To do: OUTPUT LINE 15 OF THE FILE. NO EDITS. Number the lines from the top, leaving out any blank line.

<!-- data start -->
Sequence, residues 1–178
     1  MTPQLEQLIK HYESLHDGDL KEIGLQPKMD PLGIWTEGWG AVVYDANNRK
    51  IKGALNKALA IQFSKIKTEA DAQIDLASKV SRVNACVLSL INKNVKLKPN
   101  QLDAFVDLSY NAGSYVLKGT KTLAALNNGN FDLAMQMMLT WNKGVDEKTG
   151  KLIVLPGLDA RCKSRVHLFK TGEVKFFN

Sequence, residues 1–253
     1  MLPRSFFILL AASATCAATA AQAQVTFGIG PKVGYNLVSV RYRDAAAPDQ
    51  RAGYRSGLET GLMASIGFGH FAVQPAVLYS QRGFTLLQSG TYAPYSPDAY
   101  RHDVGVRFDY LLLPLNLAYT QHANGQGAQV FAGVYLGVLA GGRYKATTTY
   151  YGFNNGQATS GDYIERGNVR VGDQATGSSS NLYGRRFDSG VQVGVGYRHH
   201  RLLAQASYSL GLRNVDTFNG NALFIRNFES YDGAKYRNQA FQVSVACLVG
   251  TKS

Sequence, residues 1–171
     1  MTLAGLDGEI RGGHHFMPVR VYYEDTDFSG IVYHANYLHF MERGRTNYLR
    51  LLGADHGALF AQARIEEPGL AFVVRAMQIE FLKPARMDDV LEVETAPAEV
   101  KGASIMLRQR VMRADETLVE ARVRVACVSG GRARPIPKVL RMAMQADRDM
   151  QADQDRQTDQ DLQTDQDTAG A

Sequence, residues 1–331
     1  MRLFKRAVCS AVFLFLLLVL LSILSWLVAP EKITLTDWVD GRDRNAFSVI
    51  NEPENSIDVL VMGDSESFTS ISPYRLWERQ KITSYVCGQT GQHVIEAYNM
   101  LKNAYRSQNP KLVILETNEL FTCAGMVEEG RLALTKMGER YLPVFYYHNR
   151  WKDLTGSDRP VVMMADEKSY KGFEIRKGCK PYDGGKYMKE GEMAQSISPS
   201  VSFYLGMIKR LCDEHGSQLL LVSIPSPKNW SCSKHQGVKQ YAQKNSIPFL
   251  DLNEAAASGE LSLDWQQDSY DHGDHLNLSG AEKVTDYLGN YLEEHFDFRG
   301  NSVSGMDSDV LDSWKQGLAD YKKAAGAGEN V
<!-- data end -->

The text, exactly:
    51  LLGADHGALF AQARIEEPGL AFVVRAMQIE FLKPARMDDV LEVETAPAEV